On Friday, April 9th, Philip H. Anselmo and The Illegals took the stage in front of an in-person audience of 50 people and many more who watched from home. Anselmo himself is known for being the lead vocalist of metal bands, including Pantera, Down, Superjoint Ritual and Scour. The show, dubbed A Vulgar Display Of Pantera, paid tribute to five of Pantera’s classic albums: Cowboys from Hell, Vulgar Display of Power, Far Beyond Driven, The Great Southern Trendkill and Reinventing the Steel.
The Australian thrashcore band King Parrot opened the show. Before King Parrot took the stage, a close-up live-streamed video of pigs and chickens eating outside of a barn greeted viewers and foreshadowed the outlandish bands to come. Mike DeLeon, Illegals’ lead guitarist, formally welcomed the audience to the show and playfully interviewed his former bandmate Walter Howard and Philip Anselmo himself. The interview questions covered everything from pizza toppings to favorite songs. Following the interviews, viewers saw a series of clips of the band touring around the world, visiting the Black Sabbath museum, getting ready to play a sold-out show at the Viper Room and high-fiving fans. The audience also saw clips of the band going on water park rides, kayaking and swimming in a river, all the while heavy metal music played in the background. The contrast between fun, goofy clips of the band with the intense music perfectly set the tone for the chaotic performance by a band that does not take themselves too seriously.
Eventually, the video static cut to King Parrot, who were set in a small studio and warned fans to “strap yourselves the fuck in.” King Parrot’s set featured fist-bumping, screaming, fast-paced guitar parts and headbanging to the point that some band members’ faces were lost in their hair. King Parrot succeeded in hyping up the audience for the show with their high-energy, in-your-face style. King Parrot signed off with a final thank you and a “cheers to zoom…and Office365!”
While live-streamed concerts are a great way for artists to connect with their fan bases during such an isolating time, they are not without their challenges. During Philip H. Anselmo and The Illegals’ first song, “Suicide Note Pt. I,” off of Pantera’s album, The Great Southern Trendkill, the audio malfunctioned. Eventually, the sound returned, and fans were able to enjoy the rest of the song that featured an acoustic guitar and deep, melodic vocals. Anselmo dedicated the second selection of the night to veterans as red, white and blue spotlights saturated the band’s all-black clothes in color and light. The band began playing for approximately 30 seconds before Anselmo stopped and announced, “start it over, bring the guitar and bass down a little.” The band certainly delivered in his request, and “A New Level” returned with a heavy guitar part and scream-singing. The passion in Anselmo’s delivery of the third song, “Mouth For War,” manifested itself through powerful vocals and an extra firm grasp on the mic as he sang with his eyes pressed shut. “Becoming” featured high-pitched accent notes that were disturbing to the ear yet worked well with the deep vocals and overall angry delivery of the song. “We’ll Grind That Axe for a Long Time” included both growl-style and scream-singing. The band strengthened the sound of the music with brief vocal pauses as well as drums that coordinated with the delivery of the lyrics “well grind that axe for a long time.”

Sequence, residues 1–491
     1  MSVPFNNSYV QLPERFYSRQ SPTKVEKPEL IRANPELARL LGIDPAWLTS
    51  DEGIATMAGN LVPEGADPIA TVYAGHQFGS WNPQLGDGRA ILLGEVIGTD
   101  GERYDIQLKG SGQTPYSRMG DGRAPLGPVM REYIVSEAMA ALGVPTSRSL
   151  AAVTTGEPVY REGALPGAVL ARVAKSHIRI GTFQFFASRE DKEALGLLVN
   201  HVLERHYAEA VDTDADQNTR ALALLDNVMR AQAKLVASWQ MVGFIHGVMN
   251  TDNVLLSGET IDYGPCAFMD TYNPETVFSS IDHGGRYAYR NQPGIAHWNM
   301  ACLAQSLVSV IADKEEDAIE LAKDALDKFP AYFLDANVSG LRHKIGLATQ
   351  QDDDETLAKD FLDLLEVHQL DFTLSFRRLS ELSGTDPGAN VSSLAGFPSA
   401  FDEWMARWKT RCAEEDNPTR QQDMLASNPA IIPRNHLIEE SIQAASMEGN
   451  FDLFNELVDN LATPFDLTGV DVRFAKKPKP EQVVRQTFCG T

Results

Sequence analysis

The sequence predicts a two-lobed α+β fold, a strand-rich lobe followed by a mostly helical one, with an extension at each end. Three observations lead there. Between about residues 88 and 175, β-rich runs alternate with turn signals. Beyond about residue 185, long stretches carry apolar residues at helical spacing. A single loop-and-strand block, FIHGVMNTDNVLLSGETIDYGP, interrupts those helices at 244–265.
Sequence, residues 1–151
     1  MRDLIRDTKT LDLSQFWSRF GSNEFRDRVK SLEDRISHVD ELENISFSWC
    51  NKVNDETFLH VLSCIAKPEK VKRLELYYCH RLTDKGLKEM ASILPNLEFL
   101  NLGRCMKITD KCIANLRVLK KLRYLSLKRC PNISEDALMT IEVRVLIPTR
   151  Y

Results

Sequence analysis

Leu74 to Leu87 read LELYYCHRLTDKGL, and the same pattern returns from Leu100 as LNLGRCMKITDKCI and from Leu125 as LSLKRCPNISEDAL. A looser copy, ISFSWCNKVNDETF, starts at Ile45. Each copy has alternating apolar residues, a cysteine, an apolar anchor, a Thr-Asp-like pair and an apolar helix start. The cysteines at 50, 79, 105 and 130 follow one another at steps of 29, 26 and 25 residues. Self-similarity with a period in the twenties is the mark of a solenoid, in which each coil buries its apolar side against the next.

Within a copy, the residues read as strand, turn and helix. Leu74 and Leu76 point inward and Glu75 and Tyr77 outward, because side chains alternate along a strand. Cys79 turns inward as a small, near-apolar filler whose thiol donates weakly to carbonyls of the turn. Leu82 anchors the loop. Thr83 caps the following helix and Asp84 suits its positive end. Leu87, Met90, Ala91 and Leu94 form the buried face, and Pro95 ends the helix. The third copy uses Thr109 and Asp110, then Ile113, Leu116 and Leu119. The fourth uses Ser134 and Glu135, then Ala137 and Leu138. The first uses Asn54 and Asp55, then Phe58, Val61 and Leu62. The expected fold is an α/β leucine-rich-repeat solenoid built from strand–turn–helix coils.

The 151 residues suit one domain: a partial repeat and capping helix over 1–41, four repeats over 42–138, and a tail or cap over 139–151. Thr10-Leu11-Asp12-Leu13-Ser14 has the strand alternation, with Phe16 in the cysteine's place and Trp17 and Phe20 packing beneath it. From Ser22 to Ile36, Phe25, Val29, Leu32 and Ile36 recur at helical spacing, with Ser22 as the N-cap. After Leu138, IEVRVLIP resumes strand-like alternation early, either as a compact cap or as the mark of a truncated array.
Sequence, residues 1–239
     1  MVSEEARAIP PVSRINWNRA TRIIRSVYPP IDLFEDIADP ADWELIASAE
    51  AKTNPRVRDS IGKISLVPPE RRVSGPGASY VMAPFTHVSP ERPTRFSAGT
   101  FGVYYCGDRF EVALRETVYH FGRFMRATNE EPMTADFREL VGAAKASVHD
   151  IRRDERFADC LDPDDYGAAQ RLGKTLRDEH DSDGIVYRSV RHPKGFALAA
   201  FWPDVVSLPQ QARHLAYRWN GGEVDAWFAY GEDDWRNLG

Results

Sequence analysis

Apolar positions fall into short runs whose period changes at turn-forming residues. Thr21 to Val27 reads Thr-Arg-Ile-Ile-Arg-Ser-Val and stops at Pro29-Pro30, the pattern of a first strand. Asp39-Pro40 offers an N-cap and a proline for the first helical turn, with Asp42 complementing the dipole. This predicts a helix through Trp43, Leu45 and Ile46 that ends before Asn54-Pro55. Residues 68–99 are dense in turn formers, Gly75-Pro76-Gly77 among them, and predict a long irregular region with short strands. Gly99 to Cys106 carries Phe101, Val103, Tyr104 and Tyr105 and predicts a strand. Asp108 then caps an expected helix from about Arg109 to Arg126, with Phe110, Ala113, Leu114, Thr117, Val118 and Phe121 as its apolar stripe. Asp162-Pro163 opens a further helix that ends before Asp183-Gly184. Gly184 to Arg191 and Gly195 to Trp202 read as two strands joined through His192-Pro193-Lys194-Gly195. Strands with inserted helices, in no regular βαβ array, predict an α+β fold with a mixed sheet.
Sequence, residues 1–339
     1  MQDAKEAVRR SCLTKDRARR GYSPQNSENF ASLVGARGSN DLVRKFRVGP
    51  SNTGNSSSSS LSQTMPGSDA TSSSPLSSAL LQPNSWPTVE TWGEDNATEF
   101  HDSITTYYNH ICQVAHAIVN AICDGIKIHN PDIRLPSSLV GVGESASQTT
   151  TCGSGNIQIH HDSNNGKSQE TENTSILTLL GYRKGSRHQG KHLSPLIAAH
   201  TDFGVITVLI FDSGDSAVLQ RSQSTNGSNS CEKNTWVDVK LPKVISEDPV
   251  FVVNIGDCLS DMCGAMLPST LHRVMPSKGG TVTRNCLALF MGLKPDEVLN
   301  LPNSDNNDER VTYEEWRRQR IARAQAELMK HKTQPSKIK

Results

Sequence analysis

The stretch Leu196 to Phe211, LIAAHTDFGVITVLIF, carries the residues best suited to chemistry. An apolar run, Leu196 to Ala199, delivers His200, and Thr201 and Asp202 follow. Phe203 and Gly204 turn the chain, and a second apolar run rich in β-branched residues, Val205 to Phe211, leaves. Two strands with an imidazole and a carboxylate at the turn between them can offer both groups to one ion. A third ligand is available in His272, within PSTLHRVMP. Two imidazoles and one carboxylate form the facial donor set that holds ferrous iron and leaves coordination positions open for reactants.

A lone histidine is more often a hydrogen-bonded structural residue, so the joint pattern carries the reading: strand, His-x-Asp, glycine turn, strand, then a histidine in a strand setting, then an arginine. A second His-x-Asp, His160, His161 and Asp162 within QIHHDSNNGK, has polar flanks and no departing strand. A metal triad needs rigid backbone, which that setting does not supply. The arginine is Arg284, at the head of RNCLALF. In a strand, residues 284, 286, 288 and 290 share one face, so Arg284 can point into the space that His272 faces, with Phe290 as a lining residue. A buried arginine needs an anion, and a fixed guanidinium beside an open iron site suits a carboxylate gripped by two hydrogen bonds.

Before continuing to the sixth selection, Anselmo checked in with the audience asking “is it fun?” “Yesterday Don’t Mean Shit” started with a fast and strong guitar, a spit-like sound and scream-singing. Two guitarists played back and forth against each other, giving the tune a confrontational feel. Just when the song appeared to have faded out with a muffled guitar, the song picked back up again with a high-pitched, shrieky guitar that brought fans back into the loud, aggressive sound. The song closed out with “fucking bastards” shouted into the mic and one final crash of cymbals. Philip H. Anselmo and The Illegals then opted for a selection they had yet to play live, “War Nerve,” which featured a long musical intro, backup vocals that echoed Anselmo’s singing and long extended screams of “ahhh.”
Before the eighth song of the night, “This Love,” Anselmo delivered a heartfelt message to fans: “We wanna get back out, see some places, see what’s up, that’s our whole lives. It’s our fuckin’ lives, man.” It was clear that the band not only loves to perform in front of fans, but they are also passionate about the music they play and want to share it with the world. Calvin Dover of En Minor joined the band to sing back up for “This Love.” The song began with a dark, dreary guitar intro and was later joined by light cymbals and melodic vocals. The song abruptly changed back and forth between the slower conventions of the intro and the fast, aggressive sound of a classic heavy metal song. The following two songs, “I’m Broken” and “Strength Beyond Strength,” featured fast drums and guitar as well as scream/growl singing.
The band took a short break before returning to the stage to redo the first song, “Suicide Note Pt. I,” which was muted due to technical problems. The penultimate song of the evening was “Hellbound” and featured suspense-inducing drums and chant-like scream-singing. Anselmo allowed a young fan on stage to perform the song along with the band. Philip H. Anselmo and The Illegals closed out the show with a strong delivery of “The Trend Is Dead.” Overall, Philip H. Anselmo and the Illegals delivered an animated performance that kept the audience on their toes and connected like-minded fans across the world.